I was asked yesterday whether or not I felt overwhelmed. The question was referring to the rapid growth of SoapBox over the past year and also, I think, my age.
As a sales professional, I have worked with countless HR and IT folks that were looking to implement a new technology. They have seen the value, they want the technology, but now they have to go and ask for the money and approval to move forward with it. I’ve seen many succeed and many fail. Here are the five key things I would recommend for anyone preparing to pitch a new technology to a CEO, CFO, etc. in order to gain that much-needed executive buy-in.
SoapBox is an innovation management software that helps clients to better manage innovation — both internally and externally — and improve employee and community engagement. In order to implement all the various functions that SoapBox has to offer — and provide clients with premium user experience— proper backend and algorithm design are essential. This blog post will focus on the backend of SoapBox and talk about some typical algorithms that are currently being used in SoapBox and their roles in the application.
Mike Bloomberg has written an interesting post on LinkedIn explaining how “following the data” is key to driving innovation and success in any company, large or small.
Managing large projects is tough. Some of the hurdles are external (think: shift in customer expectations, new regulations, tight capital markets, etc.). However, many of them are self-imposed by the organization itself. One of the biggest is failing to clearly outline accountability in major projects.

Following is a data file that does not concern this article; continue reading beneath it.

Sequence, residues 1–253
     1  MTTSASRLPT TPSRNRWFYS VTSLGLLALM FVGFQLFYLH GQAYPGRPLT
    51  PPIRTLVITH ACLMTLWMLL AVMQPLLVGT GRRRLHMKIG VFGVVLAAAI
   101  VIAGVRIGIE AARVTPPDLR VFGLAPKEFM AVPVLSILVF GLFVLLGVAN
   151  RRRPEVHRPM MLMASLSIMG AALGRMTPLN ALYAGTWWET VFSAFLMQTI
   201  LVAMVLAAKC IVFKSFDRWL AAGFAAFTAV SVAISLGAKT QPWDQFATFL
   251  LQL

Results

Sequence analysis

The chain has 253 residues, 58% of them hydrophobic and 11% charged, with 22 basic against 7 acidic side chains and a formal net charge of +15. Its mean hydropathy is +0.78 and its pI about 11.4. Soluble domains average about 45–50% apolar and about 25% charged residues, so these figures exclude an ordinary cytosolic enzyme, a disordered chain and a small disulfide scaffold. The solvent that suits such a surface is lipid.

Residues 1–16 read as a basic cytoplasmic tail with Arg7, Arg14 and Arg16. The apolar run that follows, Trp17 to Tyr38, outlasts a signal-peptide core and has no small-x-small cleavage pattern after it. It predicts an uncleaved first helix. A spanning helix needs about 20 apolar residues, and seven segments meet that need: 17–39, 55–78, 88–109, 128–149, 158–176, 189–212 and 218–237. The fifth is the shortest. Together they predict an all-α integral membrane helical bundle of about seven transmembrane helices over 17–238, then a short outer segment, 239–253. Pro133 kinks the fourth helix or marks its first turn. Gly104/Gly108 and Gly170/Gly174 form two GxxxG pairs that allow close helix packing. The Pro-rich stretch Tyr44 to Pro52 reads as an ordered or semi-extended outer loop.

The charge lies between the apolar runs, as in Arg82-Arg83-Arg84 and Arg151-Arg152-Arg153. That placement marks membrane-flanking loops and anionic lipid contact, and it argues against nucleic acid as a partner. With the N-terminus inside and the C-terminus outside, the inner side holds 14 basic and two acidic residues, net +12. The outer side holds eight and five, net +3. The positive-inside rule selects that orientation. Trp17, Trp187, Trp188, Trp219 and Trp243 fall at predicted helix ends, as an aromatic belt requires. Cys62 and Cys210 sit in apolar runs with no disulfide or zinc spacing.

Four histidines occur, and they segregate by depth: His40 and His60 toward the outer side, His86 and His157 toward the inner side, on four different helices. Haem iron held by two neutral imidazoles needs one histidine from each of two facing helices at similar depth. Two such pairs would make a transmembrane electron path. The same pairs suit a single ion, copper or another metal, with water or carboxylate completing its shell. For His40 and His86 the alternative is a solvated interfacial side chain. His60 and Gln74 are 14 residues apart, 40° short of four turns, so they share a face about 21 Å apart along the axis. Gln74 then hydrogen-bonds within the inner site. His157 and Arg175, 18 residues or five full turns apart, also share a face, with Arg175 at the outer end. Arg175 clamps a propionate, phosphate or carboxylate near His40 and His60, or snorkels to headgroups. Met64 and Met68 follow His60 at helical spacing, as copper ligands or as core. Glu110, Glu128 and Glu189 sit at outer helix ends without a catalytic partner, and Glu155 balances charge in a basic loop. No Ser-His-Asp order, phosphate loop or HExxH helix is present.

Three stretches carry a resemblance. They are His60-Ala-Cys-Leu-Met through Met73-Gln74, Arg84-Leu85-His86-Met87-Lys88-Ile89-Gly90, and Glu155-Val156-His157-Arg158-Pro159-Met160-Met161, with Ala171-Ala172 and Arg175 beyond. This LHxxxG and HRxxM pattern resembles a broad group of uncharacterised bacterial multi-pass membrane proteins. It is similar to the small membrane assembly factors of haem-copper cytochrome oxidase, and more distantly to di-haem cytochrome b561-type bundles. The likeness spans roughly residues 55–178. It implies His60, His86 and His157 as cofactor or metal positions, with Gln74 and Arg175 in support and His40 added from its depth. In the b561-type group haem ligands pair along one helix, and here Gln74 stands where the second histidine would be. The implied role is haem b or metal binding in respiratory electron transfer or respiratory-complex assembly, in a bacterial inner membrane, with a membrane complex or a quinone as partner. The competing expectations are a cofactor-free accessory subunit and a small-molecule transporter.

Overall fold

As with any other change management initiative, launching an Engaged Innovation Program requires a team and governance structure in order for it to be properly managed, evaluated, and to ensure a timely and successful implementation of ideas. The five roles below will help you build the minimum viable governance structure for your program.
The SoapBox development team has been hard at work turning code into magic by taking the ideas from our customers and from our product roadmap and turning them into reality.
And here is the magic:
Have you ever seen someone put on the spot like this: you’re at a party, and someone says: “Steve is so funny… let’s get him over here… Steve, come here… I was just telling everyone that you are the funniest person I know…”
In Canada and the US, voter turnout rates are atrocious. The conference board of Canada recently gave Canada a grade of “C” when comparing voter turnout rates of seventeen peer countries (ranking fourteenth out of seventeen, the US was even worse at dead last—seventeenth!).
Innovation is a top priority for many companies (in fact, for nearly two thirds of companies, according to a recent Bain study). Given its importance, leaders naturally desire all employees to be part of the company’s innovation agenda in some shape or form. Through working with our clients to launch their engaged idea programs with our idea software, we have observed that it is not happenstance when an active, participatory employee community emerges. In fact, there are four key elements that need to be in place for employees to direct their time and energy to sharing new ideas or executing innovative initiatives.
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